The offences to which the Regulations apply are drink driving, driving while under the influence of drugs, failing to stop at a red traffic light, failing to use a seat belt of child restraint, failing to wear a crash helmet, using a hand-held communication device while driving, speeding, and using what is ominously called a "forbidden lane".

The Regulations implement (or "transpose") EU Directive 2015/413 of the European Parliament and of
the Council of 11th March 2015 facilitating cross-border exchange of information on
road safety related traffic offences. This directive replaced  Directive 2011/82/EU which the Court of Justice found had been made under the wrong Treaty power (justice and home affairs), which allowed the UK (and Ireland and Denmark) to opt out of it.

The Regulations were made on 6 April and come into effect on 6 May 2017.

'via Blog this'

Wednesday, 29 March 2017

USA: class action for disappointed Shelby Mustang owners

Consumer law firm Hagens Berman is putting together a class action for disappointed customers for Ford's Shelby GT350 Mustang (2016 model), which far from being the exciting track car that Ford advertised is said to suffer from overheating problems. Sustained high-speed driving (which is what a track car is supposed to be for) is more than the transmission and diff can cope with, and the car goes into "limp mode" to prevent damage. Limping is, I guess, the antithesis of what you buy a track car for.

The problem can also arise when the cars are driven on the road. It stems, the law firm contends, from the absence of coolers for those parts of the drive train. Base and Tech models are affected.

Hagens Berman's page about the claim is here.

Monday, 27 March 2017

USA: Legal settlement about recalled used cars challenged

A legal settlement reached on 8 December last year between the Federal Trade Commission and GM and two used-car dealers is being challenged by consumer rights activists in court in Washington DC. The settlement is alleged to allow cars to be sold as 'safe' or 'certified' even if it has defective air bags, faulty ignition switches or other potentially lethal problems, provided the used car dealer discloses that the vehicle may be subject to a pending safety recall.

The papers filed at the Federal Court by Consumers for Auto Reliability and Safety, Center for Auto Safety and U.S. Public Interest Research Group, Inc., are available from here. See also the article on the website, here.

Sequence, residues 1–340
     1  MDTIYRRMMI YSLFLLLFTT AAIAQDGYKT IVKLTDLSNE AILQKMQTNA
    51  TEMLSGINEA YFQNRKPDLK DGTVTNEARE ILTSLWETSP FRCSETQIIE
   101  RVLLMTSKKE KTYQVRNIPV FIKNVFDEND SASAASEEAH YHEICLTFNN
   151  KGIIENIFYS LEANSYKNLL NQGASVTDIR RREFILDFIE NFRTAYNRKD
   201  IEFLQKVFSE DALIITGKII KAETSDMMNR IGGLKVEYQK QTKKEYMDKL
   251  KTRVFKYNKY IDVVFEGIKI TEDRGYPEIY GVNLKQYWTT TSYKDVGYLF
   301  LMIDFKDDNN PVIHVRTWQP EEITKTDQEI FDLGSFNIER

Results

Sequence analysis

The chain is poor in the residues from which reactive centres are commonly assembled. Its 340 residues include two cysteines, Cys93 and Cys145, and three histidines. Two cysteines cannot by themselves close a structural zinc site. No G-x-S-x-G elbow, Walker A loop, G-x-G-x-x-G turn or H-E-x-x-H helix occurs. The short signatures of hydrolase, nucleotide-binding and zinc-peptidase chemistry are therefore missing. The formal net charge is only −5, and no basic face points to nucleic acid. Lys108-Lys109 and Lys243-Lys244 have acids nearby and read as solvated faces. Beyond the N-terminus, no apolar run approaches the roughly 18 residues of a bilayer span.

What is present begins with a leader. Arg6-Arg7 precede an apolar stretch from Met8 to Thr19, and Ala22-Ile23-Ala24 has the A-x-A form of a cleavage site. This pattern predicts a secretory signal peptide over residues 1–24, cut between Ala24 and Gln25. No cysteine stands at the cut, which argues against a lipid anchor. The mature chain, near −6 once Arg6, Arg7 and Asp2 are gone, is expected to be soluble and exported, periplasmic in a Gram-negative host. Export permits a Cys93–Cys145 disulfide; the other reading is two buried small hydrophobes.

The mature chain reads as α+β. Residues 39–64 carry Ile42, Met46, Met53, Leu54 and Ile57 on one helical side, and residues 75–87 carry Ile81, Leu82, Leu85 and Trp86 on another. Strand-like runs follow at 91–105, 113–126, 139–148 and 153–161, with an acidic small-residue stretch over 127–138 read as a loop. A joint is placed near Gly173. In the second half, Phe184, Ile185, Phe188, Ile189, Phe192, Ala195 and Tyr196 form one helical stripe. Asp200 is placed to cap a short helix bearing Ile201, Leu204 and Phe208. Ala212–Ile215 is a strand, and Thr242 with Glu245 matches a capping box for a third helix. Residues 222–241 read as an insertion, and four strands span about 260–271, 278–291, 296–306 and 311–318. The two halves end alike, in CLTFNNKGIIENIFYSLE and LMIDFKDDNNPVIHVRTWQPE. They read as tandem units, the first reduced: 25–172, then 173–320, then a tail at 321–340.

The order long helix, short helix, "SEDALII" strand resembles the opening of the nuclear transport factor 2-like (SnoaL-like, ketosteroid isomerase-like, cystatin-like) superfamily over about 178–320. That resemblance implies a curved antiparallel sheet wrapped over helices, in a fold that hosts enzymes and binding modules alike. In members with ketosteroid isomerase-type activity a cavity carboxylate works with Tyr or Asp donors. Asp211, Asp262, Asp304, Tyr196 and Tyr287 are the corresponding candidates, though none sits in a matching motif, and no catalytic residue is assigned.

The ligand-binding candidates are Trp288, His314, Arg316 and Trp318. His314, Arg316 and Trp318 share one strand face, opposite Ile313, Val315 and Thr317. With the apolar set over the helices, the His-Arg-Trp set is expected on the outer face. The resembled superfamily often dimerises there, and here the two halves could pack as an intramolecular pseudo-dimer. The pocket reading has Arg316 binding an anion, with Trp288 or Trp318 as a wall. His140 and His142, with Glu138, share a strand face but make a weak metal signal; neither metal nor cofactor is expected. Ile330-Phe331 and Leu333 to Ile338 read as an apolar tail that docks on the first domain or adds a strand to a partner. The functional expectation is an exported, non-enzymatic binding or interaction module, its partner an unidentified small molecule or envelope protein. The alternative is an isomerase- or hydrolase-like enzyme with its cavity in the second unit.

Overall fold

Friday, 10 March 2017

USA: VW plead guilty to emissions offences

Law 360 reports that VW has pleaded guilty in a federal court in Michigan to three criminal charges arising from Dieselgate, and agreed to pay $4.3 billion in criminal and civil penalties. The charges were counts of conspiracy to defraud the United States, wire fraud and violations of the Clean Air Act.

Further coverage of the story is herehere, and here.

Hybrid patent wars

In the US, Ford is under investigation by the International Trade Commission following a patent infringement complaint by Paice LLC (the name an acronym for Power-Assisted Internal Combustion Engines), a hydrid technology company based in Maryland which owns what are rated as four of the most influential hybrid technology patents, and the Abell Foundation, a charity that supports progressive start-up businesses and which co-owns the patents. They allege that the vehicle manyfacturer is importing hybrid electric vehicles and components that infringe their patents. Section 337 of the Tariff Act 1930 prohibits the import of infringing products, and is often used by patentees as an alternative to litigation - although Paice have been down that road too a couple of years ago, and their claims were thrown out.
The investigation could result in Ford being prevented from shipping Mexico-made cars into the USA. As if making cars in Mexico was not already controversial enough!
Paice worked with Ford between 1999 and 2004, providing (according to Automotive News) "detailed modeling and component design" - which seems to fall rather a long way short of creating anything for which a patent might be granted. Perhaps the argument is that Paice's work had its own patented technology embedded in it: in any event, Ford eventually decided not to take a licence to use Paice's technology - and instead struck a deal with Toyota to use its technology. Paice has also been embroiled in litigation with Toyota, which it claims received its technology from Ford, and in 2010 Ford reached a settlement with Paice over that technology. Hyundai and Kia are also accused of infringements by Paice. Ford has also filed 25 legal challenges to Paice patents in the US Patent and Trademark Office.
Hybrid vehicle technology is going the same way as mobile phones - soon the companies involved will be spending more time suing each other for patent infringements than making cars.
Griffith Hack report
Automotive News
Paice press statement